|Differences/Similarities between crit and touring bikes||Kristin|
Jun 21, 2002 11:21 AM
|They are both road bikes. But I'm curious. What are the differences in weight, geometry, sizing, feel of the road...??|
|re: Differences/Similarities between crit and touring bikes||No_sprint|
Jun 21, 2002 11:42 AM
|I'll give it a quick go. There will be others who'll have must better responses. Both my crit bikes have tight wheelbases, little fork rake and shortish chainstays. Touring bikes from what I know will be just the opposite. The critters are set up short for tight handling, tight steering with no regard to overall ride smoothness. One of my crit bikes has such steerability that it scares me to take my hands off the bars. Typically, with critters, most go with the shortest crank possible for the riders size. Critters are set up as light and as stiff as humanly possible. When on a .5 mile course with 4 turns and 25 total laps, there is a tremendous amount of accelerating going on. A sluggish frame/fork/wheel setup would be a huge disadvantage. It's a start for ya!|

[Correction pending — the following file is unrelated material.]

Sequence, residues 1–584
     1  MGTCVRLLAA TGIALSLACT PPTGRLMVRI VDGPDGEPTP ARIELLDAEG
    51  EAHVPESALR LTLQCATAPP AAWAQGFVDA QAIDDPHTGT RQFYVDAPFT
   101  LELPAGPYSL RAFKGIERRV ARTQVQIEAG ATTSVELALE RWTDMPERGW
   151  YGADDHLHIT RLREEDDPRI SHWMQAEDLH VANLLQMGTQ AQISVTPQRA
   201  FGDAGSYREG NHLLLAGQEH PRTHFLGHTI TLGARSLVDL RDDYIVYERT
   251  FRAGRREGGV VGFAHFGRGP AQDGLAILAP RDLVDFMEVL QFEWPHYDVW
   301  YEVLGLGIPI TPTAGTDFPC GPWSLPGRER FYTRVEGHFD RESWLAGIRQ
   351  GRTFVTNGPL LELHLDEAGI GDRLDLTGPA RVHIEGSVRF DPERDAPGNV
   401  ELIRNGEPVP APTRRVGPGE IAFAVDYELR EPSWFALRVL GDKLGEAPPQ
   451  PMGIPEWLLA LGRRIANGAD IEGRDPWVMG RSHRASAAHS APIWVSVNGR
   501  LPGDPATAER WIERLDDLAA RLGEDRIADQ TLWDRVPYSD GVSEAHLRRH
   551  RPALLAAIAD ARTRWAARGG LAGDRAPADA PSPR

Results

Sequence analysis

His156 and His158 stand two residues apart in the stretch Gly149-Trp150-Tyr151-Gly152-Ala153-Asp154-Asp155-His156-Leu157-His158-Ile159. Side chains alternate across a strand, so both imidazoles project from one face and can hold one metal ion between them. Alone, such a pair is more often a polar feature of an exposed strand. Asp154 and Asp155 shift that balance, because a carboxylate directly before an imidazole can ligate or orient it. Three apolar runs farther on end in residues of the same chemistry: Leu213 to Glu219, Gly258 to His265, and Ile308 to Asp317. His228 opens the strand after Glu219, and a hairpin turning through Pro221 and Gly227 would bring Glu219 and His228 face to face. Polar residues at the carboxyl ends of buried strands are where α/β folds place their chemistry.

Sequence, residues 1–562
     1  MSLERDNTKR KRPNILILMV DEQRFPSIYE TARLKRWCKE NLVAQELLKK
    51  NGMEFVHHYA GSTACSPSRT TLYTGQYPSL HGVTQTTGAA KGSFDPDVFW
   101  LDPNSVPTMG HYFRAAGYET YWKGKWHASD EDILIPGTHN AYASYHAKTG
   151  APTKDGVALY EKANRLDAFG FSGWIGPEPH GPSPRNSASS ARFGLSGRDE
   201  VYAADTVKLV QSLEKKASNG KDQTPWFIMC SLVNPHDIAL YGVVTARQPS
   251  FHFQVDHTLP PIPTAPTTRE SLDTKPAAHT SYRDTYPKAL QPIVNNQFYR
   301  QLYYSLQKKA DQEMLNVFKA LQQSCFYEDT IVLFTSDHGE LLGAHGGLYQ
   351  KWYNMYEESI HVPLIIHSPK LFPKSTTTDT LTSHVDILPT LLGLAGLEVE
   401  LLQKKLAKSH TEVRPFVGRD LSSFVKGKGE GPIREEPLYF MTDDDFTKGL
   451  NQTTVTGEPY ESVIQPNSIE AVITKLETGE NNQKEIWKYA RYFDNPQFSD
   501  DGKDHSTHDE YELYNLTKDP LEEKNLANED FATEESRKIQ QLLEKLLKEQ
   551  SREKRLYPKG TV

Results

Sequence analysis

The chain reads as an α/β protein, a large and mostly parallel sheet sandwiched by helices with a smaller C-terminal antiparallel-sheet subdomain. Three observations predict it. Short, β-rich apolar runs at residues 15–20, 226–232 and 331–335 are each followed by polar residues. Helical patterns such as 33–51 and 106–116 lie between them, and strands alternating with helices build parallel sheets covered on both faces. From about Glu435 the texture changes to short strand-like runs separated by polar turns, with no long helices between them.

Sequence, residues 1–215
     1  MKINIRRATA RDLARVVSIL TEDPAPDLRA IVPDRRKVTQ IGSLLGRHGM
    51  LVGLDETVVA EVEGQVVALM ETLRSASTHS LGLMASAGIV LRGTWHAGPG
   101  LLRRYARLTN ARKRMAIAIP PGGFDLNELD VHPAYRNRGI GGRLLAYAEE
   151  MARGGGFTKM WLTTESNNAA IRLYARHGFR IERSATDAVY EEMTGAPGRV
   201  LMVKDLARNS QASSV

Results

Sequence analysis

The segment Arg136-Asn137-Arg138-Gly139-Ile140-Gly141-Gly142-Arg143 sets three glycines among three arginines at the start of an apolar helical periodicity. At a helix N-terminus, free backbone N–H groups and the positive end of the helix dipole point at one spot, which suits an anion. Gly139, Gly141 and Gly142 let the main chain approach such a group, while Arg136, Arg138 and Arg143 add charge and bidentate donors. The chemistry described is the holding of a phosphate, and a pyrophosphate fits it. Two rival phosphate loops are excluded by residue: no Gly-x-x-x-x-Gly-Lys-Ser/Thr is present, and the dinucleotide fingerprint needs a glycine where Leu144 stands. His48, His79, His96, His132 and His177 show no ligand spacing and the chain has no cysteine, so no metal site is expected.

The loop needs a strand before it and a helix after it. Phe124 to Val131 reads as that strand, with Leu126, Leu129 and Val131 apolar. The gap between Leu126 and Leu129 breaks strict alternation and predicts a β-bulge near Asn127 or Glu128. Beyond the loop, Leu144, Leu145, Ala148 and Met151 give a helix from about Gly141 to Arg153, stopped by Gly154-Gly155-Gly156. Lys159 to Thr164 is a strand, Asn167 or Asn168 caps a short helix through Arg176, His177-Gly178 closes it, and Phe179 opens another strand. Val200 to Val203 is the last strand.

|Touring vs Crit||McAndrus|
Jun 21, 2002 12:15 PM
|As no_sprint says, a crit bike is built for speed, not for comfort. A crit bike will have a shorter wheelbase and steeper head tube for faster turning, it will have shorter chainstays for quicker acceleration, and a higher bottom bracket to reduce the chance of clipping a pedal on the pavement in a corner.
A touring bike - a good one anyhow - is sheer comfort. Touring bikes have little concern with speed, have longer wheelbases for more stability, slacker headtubes for slower steering (important with paniers on the front), and longer chainstays.
A crit bike can beat you up on a medium-distance ride, a touring bike can be liking sitting in an arm chair all day long.